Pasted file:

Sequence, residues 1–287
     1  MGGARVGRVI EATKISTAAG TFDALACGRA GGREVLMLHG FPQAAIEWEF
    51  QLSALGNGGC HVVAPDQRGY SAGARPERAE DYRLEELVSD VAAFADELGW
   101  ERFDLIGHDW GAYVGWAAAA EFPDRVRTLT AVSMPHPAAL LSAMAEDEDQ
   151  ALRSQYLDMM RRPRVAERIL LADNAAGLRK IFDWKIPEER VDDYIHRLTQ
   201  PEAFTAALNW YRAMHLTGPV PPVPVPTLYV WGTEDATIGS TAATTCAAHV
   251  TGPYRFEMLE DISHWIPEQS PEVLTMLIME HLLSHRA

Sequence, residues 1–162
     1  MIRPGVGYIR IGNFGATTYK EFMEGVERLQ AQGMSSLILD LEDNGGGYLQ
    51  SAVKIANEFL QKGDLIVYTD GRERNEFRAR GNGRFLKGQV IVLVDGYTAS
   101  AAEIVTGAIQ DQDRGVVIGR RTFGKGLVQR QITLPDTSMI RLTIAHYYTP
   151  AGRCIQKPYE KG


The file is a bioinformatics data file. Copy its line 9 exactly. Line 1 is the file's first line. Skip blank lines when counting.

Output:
     1  MIRPGVGYIR IGNFGATTYK EFMEGVERLQ AQGMSSLILD LEDNGGGYLQ